From Figs. 6. Under other conditions. .10. This ﬁnding indicates that a slight positive bias can reduce the total cost of the production system when the capacity is very tight or the shortage punishment is very high. respectively. Fig. 5. Discussions and conclusions This study extends earlier studies of freezing the MPS from a single-level system without any capacity constraints or without demand uncertainty to a system with a single resource capacity constraint under Fig. we can see that when CT or SC is ‘high. 5 and 6. / Computers & Industrial Engineering 46 (2004) 205–219 Fig. 4. TC performance of EB under different SC. 6. Xie et al. Impact of EB on PH according to TC.4. Overall. these observations reveal that Hypothesis 3 is only partially supported.05. Performance of forecasting errors under different operating conditions Duncan’s multiple-range tests reveal that operating conditions do not inﬂuence the relative ranking of ED according to all three performance measures and the relative ranking of EB according to SI and SL. According to TC.’ the total cost decreases slowly as EB increases from 0 to 0. then increases as EB increases from 0. TC performance of EB under different CT.05 to 0. 5 and 6. that in order to improve the performance of the capacitated production system. 5. These observations partially support Hypothesis 4.216 J. only CT and SC inﬂuence the relative ranking of EB and the results are plotted in Figs. total cost always increases as EB increases. the effects of forecasting errors (especially the forecasting error bias) should be taken into consideration when determining the proper PH.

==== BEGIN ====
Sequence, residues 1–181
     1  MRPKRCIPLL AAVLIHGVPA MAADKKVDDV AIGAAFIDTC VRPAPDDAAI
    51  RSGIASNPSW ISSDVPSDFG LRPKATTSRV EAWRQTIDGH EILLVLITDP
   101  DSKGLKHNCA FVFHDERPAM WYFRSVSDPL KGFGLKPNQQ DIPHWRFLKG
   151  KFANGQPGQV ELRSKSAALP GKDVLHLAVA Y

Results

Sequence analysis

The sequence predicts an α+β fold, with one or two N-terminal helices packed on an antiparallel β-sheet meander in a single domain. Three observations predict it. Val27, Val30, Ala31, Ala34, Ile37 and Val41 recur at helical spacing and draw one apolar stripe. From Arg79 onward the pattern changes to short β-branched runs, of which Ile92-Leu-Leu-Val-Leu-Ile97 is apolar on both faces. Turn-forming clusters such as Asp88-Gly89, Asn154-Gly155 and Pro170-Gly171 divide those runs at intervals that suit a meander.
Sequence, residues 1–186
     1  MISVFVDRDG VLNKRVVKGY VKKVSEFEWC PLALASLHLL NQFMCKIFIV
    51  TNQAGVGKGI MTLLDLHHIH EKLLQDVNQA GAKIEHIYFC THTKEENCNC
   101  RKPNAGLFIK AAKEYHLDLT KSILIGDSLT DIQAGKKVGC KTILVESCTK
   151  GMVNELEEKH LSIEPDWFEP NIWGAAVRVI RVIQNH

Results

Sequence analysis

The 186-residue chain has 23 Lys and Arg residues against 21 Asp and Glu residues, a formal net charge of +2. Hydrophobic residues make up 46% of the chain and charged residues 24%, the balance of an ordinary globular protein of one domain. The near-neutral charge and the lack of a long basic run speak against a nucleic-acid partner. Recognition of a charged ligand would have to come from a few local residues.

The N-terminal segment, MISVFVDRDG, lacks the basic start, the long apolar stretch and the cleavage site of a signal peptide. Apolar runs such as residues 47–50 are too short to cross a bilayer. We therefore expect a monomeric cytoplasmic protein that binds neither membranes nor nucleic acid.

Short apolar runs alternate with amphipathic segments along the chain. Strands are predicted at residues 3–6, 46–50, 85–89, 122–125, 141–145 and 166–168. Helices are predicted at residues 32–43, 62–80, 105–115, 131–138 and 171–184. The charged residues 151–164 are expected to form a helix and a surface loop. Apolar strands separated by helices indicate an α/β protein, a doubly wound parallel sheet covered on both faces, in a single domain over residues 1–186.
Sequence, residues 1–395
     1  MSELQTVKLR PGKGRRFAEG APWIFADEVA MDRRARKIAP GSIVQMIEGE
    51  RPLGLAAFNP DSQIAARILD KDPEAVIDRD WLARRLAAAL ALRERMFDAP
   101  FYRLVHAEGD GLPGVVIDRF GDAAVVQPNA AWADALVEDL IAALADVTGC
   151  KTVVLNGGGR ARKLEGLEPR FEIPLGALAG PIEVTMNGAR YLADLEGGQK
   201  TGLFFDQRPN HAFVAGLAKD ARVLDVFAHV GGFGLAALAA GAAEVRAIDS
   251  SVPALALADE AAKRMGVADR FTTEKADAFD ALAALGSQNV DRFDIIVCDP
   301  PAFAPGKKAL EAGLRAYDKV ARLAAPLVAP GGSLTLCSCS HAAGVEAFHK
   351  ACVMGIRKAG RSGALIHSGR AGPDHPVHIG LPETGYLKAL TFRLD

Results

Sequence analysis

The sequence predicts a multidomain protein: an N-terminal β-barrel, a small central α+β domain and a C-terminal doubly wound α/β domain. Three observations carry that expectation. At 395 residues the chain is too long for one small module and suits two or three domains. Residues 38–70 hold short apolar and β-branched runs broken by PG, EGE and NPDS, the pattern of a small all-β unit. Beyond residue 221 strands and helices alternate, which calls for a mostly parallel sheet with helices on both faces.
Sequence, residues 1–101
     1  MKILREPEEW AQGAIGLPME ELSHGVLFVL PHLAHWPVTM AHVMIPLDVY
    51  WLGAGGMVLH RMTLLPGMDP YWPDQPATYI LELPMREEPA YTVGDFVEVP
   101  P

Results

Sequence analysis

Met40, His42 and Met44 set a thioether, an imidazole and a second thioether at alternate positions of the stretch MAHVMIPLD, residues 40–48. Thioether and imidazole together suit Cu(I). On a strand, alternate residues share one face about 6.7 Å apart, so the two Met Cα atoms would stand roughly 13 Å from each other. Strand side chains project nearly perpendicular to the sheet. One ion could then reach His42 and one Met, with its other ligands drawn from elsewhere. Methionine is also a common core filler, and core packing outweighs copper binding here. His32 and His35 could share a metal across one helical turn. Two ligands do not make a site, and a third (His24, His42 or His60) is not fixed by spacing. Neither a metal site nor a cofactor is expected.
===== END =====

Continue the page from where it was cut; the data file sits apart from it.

the interaction effects between the freezing parameters. .J. forecasting errors. In multi-level MRP systems. we assumed that there are no seasonality and trends in the demand patterns. more insight can be gained by conducting the study on a multi-level system. In this study. The experimental settings in this study include master production scheduling in multi-item. Through comprehensive computer simulations and statistical analyses. trade-offs between total cost. Many other capacitated lot-sizing rules have been reported in the literature. 3. SI and SL of multi-item. The results of this study also enhance our knowledge and understanding of the performance of MPS freezing parameters and forecasting errors under capacity constraints and demand uncertainty. Over the years. Xie et al. The following future research avenues may be pursued: 1. It also examines the impact of forecasting errors on the selection of MPS freezing parameters under rolling time horizons and demand uncertainty. / Computers & Industrial Engineering 46 (2004) 205–219 217 demand uncertainty. it also has several limitations. To select the proper FP and PH. Future research is needed to better understand the impact of MPS freezing parameters on system performance under capacity constraints. While a single-level study will provide insight into the problem. the relative performance ranking of the PH parameter in terms of total cost can be inﬂuenced by the bias of the forecasting error. SL and SI have to be made. Although the forecasting errors do not inﬂuence most of the relative performance rankings of the FP and RP parameters. while the longest replanning periodicity always results in the best performance. It will be interesting to examine the impact of demand patterns on the selection of MPS freezing parameters and on the performance of the forecasting errors under different operating conditions. 3. This paper investigates the impact of the parameters for freezing the MPS on the total cost. single-level systems with a single resource constraint. many procedures have been suggested to solve multi-level capacitated lot-sizing problems under static horizons. The two-way interaction between MPS freezing parameters and the forecasting errors signiﬁcantly inﬂuences the performance of the system. singlelevel systems under a single resource constraint. Although a more exact forecast results in better performance for the system under most of the conditions. It would be useful to check the validity of the conclusion from this study by using more lot-sizing rules. The length of the PH. single-level systems under demand uncertainty. 2. Investigation of these interaction effects on MRP system performance should provide further insight into MPS freezing under capacity constraints. a moderate positive bias can improve the performance for the system when the capacity is very tight or the shortage punishment is very high. SI and SL in multi-item. 2. but these procedures have not been tested under a rolling time horizon in combination with MPS freezing. we ﬁnd the following: 1. The above ﬁndings can help production planners select better MPS freezing parameters under different operating conditions. lot-sizing rules and other factors will be very complex. Although the study makes a signiﬁcant contribution to the academic literature and to practical applications. This study only included one simple capacitated lot-sizing rule. the FP and the replanning periodicity all signiﬁcantly inﬂuence the total cost.